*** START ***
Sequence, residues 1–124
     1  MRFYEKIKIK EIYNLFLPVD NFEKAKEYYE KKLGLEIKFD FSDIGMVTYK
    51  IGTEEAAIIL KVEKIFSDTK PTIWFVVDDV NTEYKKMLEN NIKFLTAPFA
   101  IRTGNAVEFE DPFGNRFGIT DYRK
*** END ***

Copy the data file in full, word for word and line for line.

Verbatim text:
Sequence, residues 1–124
     1  MRFYEKIKIK EIYNLFLPVD NFEKAKEYYE KKLGLEIKFD FSDIGMVTYK
    51  IGTEEAAIIL KVEKIFSDTK PTIWFVVDDV NTEYKKMLEN NIKFLTAPFA
   101  IRTGNAVEFE DPFGNRFGIT DYRK